The Price is Right contestants who are lucky enough to win a car on the show will have to pay state and federal taxes to claim their prize.
Contestants have been walking away with a myriad of impressive prizes from The Price Is Right for more than 50 years now.
And even though many contestants dream of walking away with a brand new car, the reality is that this car will come with some state and federal tax-related strings.
About The Price Is Right prizes
CBS’s The Price Is Right has been calling lucky contestants to “Come on down!” since 1956 and has now become the longest-running game show in the United States.
For the duration of The Price Is Right’s more than 50 season-run, the show has doled out millions of prizes ranging from boats and special trips, to furniture sets, kayaks, refrigerators and so much more to its thrilled winners.
It has also remained one of the most popular game shows on American television.
How it works when you win a car on The Price Is Right
The Price Is Right has certainly never been stingy when it comes to the prizes at stake, but somehow the “brand new car” has always been a fan-favorite prize among both contestants and viewers of the show.
After all, who could forget when Therese Cook walked away with a brand new Ferrari 458 Spider (with an estimated worth of $285,716, which would make it the most expensive prize ever won on The Price Is Right) in 2013.
But it turns out that winning a car on The Price Is Right like most other things on this game show, is not as simple as it seems when you are watching from your couch.
Debra Field – a The Price Is Right contestant who actually managed to win a new car on the show, explained the process in a bit more detail.
According to Field, contestants get to view all of their prizes after the filming of the episode, at which point they have to sign a letter agreeing to pay California income tax on the prizes before they can claim them.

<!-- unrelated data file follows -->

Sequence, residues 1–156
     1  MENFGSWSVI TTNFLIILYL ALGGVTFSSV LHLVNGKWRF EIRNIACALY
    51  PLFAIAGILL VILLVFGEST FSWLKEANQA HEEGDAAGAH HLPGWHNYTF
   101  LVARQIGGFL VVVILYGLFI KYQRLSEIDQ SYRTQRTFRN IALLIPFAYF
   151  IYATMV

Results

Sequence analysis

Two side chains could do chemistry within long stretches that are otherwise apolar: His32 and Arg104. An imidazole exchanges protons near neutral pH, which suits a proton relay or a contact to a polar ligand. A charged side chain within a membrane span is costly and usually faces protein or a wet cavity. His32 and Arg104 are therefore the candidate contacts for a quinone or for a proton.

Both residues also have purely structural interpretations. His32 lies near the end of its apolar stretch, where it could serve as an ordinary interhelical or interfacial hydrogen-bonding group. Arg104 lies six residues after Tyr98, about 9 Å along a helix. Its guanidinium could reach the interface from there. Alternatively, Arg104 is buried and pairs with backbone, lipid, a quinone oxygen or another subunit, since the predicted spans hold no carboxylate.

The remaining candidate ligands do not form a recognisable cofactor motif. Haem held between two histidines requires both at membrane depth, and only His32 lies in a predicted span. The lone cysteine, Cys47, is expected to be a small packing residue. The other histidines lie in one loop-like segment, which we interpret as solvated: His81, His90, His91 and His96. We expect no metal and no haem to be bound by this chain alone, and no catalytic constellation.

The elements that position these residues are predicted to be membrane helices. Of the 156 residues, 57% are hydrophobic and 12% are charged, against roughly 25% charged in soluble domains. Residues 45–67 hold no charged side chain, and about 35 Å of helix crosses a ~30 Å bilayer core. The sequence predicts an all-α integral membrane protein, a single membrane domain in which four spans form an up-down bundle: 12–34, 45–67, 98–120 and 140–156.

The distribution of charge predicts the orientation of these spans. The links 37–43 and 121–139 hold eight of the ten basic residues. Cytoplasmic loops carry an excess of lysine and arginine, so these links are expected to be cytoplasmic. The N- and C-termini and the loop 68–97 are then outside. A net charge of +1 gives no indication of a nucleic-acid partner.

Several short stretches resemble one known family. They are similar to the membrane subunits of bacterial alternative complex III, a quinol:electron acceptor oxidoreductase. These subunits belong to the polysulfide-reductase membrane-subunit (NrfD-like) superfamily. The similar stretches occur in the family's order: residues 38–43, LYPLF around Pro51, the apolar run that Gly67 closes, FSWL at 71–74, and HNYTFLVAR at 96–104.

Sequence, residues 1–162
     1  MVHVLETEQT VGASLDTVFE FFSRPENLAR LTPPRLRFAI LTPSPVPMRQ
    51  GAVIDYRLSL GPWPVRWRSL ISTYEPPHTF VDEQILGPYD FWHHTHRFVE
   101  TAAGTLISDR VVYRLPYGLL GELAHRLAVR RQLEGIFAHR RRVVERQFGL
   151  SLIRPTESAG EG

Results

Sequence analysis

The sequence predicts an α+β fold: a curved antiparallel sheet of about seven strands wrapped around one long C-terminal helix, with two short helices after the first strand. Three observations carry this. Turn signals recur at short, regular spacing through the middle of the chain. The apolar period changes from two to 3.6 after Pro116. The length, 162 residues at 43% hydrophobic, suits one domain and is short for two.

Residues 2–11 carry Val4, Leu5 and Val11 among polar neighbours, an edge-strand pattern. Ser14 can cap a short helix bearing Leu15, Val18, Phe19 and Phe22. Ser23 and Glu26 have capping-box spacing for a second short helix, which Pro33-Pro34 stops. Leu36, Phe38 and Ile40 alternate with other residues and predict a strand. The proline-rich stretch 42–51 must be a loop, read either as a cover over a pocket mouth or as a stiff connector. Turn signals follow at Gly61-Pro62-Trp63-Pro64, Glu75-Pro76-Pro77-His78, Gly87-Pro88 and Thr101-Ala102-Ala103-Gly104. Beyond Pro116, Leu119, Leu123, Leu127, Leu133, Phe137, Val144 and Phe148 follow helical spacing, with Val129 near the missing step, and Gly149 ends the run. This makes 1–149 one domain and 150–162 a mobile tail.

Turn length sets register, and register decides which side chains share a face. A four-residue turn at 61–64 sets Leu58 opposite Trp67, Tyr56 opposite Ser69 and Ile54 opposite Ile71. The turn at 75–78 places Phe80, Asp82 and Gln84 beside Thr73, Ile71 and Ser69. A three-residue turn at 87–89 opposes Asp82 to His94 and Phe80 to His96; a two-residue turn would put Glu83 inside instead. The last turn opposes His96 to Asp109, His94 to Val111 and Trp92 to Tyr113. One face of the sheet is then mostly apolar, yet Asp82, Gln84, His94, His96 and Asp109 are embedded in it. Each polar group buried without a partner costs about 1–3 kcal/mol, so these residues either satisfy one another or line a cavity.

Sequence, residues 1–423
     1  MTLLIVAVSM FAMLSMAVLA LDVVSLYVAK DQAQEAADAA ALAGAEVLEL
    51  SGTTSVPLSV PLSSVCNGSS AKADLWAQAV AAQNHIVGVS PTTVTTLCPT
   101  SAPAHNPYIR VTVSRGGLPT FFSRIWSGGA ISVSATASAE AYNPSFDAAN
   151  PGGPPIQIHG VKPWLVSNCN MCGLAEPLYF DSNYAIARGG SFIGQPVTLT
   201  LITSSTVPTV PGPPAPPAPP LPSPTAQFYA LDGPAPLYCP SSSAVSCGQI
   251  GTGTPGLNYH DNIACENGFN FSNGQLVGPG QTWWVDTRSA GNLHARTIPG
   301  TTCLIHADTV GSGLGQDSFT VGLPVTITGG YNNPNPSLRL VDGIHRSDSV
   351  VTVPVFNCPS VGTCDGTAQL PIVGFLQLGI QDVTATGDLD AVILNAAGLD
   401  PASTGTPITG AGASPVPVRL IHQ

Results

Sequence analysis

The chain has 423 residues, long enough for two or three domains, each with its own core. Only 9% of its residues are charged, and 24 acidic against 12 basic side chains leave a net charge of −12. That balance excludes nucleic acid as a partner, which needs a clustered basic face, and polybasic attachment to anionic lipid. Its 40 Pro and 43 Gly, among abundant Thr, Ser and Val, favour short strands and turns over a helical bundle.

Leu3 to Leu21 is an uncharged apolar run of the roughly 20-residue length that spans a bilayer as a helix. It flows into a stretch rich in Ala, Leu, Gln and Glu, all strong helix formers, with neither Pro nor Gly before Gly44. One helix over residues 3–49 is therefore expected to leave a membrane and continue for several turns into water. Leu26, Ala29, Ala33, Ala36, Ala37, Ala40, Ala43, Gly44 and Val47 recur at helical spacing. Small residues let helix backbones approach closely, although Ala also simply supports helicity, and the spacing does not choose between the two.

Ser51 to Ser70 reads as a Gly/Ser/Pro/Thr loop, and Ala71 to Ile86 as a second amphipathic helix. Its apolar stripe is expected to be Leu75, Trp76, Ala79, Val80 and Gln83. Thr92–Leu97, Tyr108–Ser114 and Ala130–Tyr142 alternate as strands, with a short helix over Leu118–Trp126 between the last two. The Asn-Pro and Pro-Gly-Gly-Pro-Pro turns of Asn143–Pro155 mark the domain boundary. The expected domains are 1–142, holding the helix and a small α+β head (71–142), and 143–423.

Later on, the show’s accountant sends through a statement with the amount that is owed, which will need to be paid before any of the prizes can be collected.
The reality is that game show winnings, like new cars, are considered an additional income. And therefore, contestants have to pay federal and state taxes on the cars that they win.
The exact amount that contestant have to pay is determined by the state in which they won (for The Price is Right, this is usually California or New York) and the full retail value of the car.
The same is true for other The Price Is Right prizes
Cars are not the only The Price Is Right prizes that fall under this rule. Michael Richards, one of The Price Is Right producers, revealed in a 2015 interview that the letter which the show sends to its winners after their episode has been filmed includes a “tax letter.”
This letter details all of the individual prizes, their value, and the taxes that will need to be paid by check before any of the prizes can be collected.
The Price Is Right contestants also have to pay federal tax
Unfortunately, the taxes that The Price Is Right winners have to pay before they can enjoy their winnings do not stop at the state level.
Winners who walk away with prizes that are valued at more than $600 are also liable to pay federal taxes on their earnings in the United States.
Tax professionals have also warned that winning these big prizes can often bump winners into a higher tax bracket overall, which means that winners will end up paying much more in taxes than they are used to paying.
What happens when contestants cannot pay these taxes?
There is no doubt that receiving the tax bill following your big win will likely put a damper on just about any The Price Is Right winning streak.
But some previous contestants have proven that their intelligence stretches beyond simply guessing the correct price.
The Price Is Right contestants are under no obligation to take all of the prizes that they have won on the show, and several previous winners have detailed why they chose to take some prizes and leave others, to ensure that they could pay the taxes and collect their winnings.
Some contestants have even been able to exchange some of their prizes for cash, and though this income will still be taxed, it is often much easier to deal with.